As the Christmas festivities begin here at the Keller's today with the arrival of the INDY contingent, Wes, Annie and the Girls and Aunt Mimi (Marianne) I am reminded of the times I spent with the Folks (Aunt Mary, Aunt Rose, Aunt Ida and Pat). The house on Milwaukee Street was always a warm and cozy place to be any time, but especially at Christmas. The tree was decorated with such care. The nativity was placed with much reverence.

And most of all there was music and singing. We'd all gather around the piano in the living room, Pat would play and we would sing carols. My favorite secular tune of all has been for some time, Christmas in Killarney. It's a light and lively tune that always reminds of the grand times we had as family there. And so every year, though tattered and warn it comes out again and is sung again, if by no one but me.

Memories are wonderful treasures we carry with us and often share with others. Today is the day I begin to gather some new treasures. We will celebrate the Birth of our Lord early here so that Ron and I can travel to visit the rest of the Clan in Georgia on Christmas Eve.

Much to my delight I will again, this year. be able to visit with all my children and grandchildren. That is a gift greater than any under the tree. So I will be away for a few days...

This is my heartfelt wish for everyone. That God bless you with the tender love only a father can give, the support and comfort of our brother, Jesus, whose birthday we celebrate, and the courage of the Holy Spirit to accept the challenges that will visit us as we journey to our eternal celebration. God Bless you all as I wish you all a Merry, Joyous Christmas!

Reflection: "What good is it if Mary gave birth to the Son of God centuries ago, if I do not also give birth to the Son of God in my time and culture?"

Thanks be to GOD!!

Friday, December 21, 2007

The Twelve Days of Christmas

A Gift sent to me by Marianne, my daughter, reminds me of the days when I was teaching religious education. It was one of those challenges you give the kids to see if they are really interested in learning about our Church history and Christmas is a perfect time to use this "challenge". And with each challenge came a reward. Whether this may be a true story or only a legend makes no difference, it is a beautiful way to catechise.

*There is one Christmas Carol that has always baffled many people. What in the world do leaping lords, French hens, swimming swans, and especially the partridge who won't come out of the pear tree have to do with Christmas? Well, consider this...

*From 1558 until 1829, Roman Catholics in England were not permitted to practice their faith openly. Someone during that era wrote this carol as a catechism song for young Catholics. It has two levels of meaning: the surface meaning plus a hidden meaning known only to members of their church. Each element in the carol has a code word for a religious reality which the children could remember.

*The partridge in a pear tree was Jesus Christ.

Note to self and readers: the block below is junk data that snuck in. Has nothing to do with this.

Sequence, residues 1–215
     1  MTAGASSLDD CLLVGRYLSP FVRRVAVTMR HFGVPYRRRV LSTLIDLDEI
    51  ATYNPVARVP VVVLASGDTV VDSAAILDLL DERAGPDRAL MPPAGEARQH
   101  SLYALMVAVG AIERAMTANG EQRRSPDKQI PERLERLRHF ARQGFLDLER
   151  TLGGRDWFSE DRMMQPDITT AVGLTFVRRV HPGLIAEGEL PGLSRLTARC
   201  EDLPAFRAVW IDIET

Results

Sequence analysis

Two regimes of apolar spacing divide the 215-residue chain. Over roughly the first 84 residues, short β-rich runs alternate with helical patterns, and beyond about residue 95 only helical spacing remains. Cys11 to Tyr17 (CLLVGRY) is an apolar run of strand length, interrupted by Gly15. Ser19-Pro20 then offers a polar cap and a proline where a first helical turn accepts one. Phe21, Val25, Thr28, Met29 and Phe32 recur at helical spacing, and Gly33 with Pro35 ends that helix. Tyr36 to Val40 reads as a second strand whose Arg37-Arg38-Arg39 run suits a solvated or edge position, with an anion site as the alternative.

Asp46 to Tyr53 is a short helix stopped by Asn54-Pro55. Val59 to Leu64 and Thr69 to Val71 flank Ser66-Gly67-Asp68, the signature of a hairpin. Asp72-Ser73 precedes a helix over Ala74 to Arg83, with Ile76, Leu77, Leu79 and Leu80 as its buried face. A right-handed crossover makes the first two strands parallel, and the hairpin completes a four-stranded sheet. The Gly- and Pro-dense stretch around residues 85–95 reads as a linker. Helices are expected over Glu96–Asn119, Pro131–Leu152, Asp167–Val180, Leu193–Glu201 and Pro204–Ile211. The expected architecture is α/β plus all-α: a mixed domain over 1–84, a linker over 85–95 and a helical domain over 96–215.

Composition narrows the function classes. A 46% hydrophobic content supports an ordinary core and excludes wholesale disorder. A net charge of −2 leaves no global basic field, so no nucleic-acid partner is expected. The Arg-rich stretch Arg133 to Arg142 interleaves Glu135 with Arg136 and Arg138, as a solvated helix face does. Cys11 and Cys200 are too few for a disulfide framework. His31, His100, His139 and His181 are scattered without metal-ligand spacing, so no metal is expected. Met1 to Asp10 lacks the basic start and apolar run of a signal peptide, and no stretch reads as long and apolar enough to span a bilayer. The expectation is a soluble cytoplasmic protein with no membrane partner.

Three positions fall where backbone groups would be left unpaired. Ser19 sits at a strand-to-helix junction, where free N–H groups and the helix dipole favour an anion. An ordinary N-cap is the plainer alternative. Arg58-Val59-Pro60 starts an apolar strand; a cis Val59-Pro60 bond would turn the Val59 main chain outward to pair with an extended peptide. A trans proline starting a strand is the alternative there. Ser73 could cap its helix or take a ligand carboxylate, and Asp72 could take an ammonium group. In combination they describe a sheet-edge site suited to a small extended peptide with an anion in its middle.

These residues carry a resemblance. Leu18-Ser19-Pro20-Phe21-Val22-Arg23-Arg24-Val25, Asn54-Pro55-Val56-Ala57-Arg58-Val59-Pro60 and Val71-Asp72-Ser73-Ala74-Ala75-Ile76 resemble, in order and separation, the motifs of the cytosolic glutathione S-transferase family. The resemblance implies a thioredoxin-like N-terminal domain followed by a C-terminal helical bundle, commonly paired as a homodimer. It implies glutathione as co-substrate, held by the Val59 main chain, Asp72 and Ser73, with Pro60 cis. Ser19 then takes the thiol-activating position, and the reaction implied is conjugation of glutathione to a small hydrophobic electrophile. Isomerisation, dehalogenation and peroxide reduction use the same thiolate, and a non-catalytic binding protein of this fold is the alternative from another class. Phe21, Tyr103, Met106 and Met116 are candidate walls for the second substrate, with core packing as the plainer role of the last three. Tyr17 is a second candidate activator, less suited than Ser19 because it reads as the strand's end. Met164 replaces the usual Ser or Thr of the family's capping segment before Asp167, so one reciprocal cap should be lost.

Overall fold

*Two turtle doves were the Old and New Testaments.

*Three French hens stood for faith, hope and love.

*The four calling birds were the four gospels of Matthew, Mark, Luke & John.

*The five golden rings recalled the Torah or Law, the first five books of the Old Testament.

*The six geese a-laying stood for the six days of creation.

*Seven swans a-swimming represented the sevenfold gifts of the Holy Spirit--Prophesy, Serving, Teaching, Exhortation, Contribution, Leadership, and Mercy.

*The eight maids a-milking were the eight beatitudes.

*Nine ladies dancing were the nine fruits of the Holy Spirit--Love, Joy, Peace, Patience, Kindness, Goodness, Faithfulness, Gentleness, and Self Control.

*The ten lords a-leaping were the ten commandments.

*The eleven pipers piping stood for the eleven faithful disciples.

*The twelve drummers drumming symbolized the twelve points of belief in the Apostles' Creed.


Now when you hear or sing this Christmas Carol you may find yourself reminded of the principles upon which the Church was founded as well as the beautiful words used to instruct us in the Faith.


Thanks be to God.

Thursday, December 20, 2007

Proclamation from a Saint...

Guardian Angel

"Make yourself familiar with the angels, and behold them frequently in spirit; for without being seen, they are present with you."--St. Francis de Sales

(Doctor of the Church and known as the "gentleman saint")


For His gifts and treasures, thanks be to God.

Wednesday, December 19, 2007

The father of John the Baptist...

From The Little Blue Book:

The angel Gabriel said to Zechariah, "Do not be
afraid, because your prayer has been heard. Your
wife Elizabeth will bear you a son, and you shall
name him John. And you will have joy and gladness,
any many will rejoice at his birth, for he will be
great in the sight of the Lord. . .He will be filled
with the Holy spirit even from his mother's womb.
~Luke 1:5-25~

*Zechariah was one of approximately 18,000 Jewish priest in Palestine at the time of Jesus. They were divided into 24 groups of 750 each. Twice a year each group came to the Temple in Jerusalem to serve for a week. Their roles during this week of service were chose by lot. Some of them, in a given week, weren't chosen to do anything.

*Each morning, four lots were cast to decide who would carry out the four tasks at the altar. Then in the afternoon, a fifth lot was cast to determine who would enter the Holy Place to offer the evening incense. This extraordinary privilege usually came only once in a lifetime.